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dc.contributor.authorNault, Barrie R
dc.contributor.authorBakos, Yannis J.
dc.date.accessioned2015-05-26T18:32:24Z
dc.date.available2015-05-26T18:32:24Z
dc.date.issued1997-12
dc.identifier.citationBakos, J.Y. and Nault, B.R., "Ownership and Investment in Electronic Networks," Information Systems Research, 24, 4 (December 1997) 321-341.en_US
dc.identifier.issn10477047
dc.identifier.urihttp://hdl.handle.net/1880/50445
dc.description*INFORMS: unless published under the open access option, the publisher will provide a specific copy of the paper that can be posted to a web page https://www.informs.org/Find-Research-Publications/INFORMS-Journals/Rights-Permissions#work. Publisher provided copy of article to be deposited according to publisher's policy 05/22/2015en_US
dc.description.abstractWe employ the theory of incomplete contracts to examine the relationship between own­ership and investment in electronic networks such as the Internet and inter-organiza­tional information systems. Electronic networks represent an institutional structure that has resulted from the introduction of information technology in industrial and consumer markets. Ownership of electronic networks is important because it affects the level of network-specific investments, which in turn determine the profitability, and in some cases the viability, of these networks. In our analysis we define an electronic network as a set of participants and a port­ folio of assets. The salient concept in this perspective is the degree to which network partici­pants are indispensable in making network assets productive. We derive three main results. First, if one or more assets are essential to all network participants, then all the assets should be owned together. Second, participants that are indispensable to an asset essential to all participants should own all network assets. Third and most important, in the absence of an indispensable participant, and as long as the cooperation of at least two participants is nec­essary to create value, sole ownership is never the best form of ownership for an electronic network. This latter result implies that as the leading network participants become more dis­pensable, we should see an evolution toward forms of joint ownership.en_US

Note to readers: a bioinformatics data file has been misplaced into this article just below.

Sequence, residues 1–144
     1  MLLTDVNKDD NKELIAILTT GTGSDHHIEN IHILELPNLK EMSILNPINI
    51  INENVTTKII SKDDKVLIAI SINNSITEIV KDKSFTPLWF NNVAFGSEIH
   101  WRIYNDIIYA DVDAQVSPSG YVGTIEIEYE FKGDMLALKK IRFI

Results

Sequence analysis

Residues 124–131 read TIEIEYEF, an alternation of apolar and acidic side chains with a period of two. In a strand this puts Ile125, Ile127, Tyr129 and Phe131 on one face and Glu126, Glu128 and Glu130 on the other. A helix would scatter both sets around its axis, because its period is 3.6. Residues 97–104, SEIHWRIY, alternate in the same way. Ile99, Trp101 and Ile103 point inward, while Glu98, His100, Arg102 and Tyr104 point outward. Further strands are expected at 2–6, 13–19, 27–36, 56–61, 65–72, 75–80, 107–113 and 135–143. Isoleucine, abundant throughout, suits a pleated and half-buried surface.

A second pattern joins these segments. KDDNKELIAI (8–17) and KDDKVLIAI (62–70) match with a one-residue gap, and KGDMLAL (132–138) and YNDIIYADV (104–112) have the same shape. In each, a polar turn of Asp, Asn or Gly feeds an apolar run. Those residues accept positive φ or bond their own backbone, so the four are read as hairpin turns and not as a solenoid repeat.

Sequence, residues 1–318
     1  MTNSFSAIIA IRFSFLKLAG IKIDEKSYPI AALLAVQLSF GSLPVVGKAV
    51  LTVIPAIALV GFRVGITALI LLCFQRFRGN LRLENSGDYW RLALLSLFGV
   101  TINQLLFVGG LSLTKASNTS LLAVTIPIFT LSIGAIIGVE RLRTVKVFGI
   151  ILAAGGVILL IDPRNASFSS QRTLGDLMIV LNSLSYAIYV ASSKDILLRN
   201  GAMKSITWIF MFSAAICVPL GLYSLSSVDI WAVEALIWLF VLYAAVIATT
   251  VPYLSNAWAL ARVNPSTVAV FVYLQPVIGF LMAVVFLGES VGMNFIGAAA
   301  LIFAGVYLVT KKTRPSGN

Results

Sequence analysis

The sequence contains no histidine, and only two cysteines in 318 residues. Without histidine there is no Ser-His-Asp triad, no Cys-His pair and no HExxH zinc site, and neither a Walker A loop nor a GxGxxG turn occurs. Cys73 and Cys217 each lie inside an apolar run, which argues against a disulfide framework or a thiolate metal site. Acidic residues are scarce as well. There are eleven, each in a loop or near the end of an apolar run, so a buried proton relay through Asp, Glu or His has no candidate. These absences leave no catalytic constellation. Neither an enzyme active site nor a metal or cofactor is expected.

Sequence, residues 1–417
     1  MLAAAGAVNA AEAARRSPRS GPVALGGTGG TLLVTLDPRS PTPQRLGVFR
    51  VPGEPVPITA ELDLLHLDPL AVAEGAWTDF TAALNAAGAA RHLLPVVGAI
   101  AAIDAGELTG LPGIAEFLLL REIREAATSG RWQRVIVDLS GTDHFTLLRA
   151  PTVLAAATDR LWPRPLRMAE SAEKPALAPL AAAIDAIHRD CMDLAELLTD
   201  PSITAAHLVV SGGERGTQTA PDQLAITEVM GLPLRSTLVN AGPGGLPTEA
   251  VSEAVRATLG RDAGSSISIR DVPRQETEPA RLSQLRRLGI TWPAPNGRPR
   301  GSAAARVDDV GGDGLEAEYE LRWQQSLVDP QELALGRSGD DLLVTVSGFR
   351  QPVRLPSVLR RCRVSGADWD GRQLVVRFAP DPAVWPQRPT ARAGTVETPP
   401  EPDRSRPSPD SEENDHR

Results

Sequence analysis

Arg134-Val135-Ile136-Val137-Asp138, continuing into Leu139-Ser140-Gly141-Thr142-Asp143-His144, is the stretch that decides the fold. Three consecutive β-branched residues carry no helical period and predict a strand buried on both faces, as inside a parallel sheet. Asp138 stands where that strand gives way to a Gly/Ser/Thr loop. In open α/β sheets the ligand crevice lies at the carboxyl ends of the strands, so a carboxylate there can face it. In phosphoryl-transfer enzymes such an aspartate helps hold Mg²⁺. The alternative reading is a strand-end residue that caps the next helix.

dc.language.isoenen_US
dc.publisherINFORMSen_US
dc.rightsAn error occurred on the license name.*
dc.rights.uriAn error occurred getting the license - uri.*
dc.subjectIncomplete Contractsen_US
dc.subjectInvestment Externalitiesen_US
dc.subjectInternet Ownershipen_US
dc.subjectNetwork Externalitiesen_US
dc.subjectNetwork Investmenten_US
dc.subjectNetwork Ownershipen_US
dc.titleOwnership and Investment in Electronic Networksen_US
dc.typejournal article
dc.publisher.corporateUniversity of Calgaryen_US
dc.publisher.facultyHaskayne School of Businessen_US
dc.publisher.departmentManagement Information Systemsen_US
dc.publisher.institutionUniversity of Calgaryen_US
dc.identifier.doihttp://dx.doi.org/10.11575/PRISM/28753
thesis.degree.disciplineManagement Information Systemsen_US


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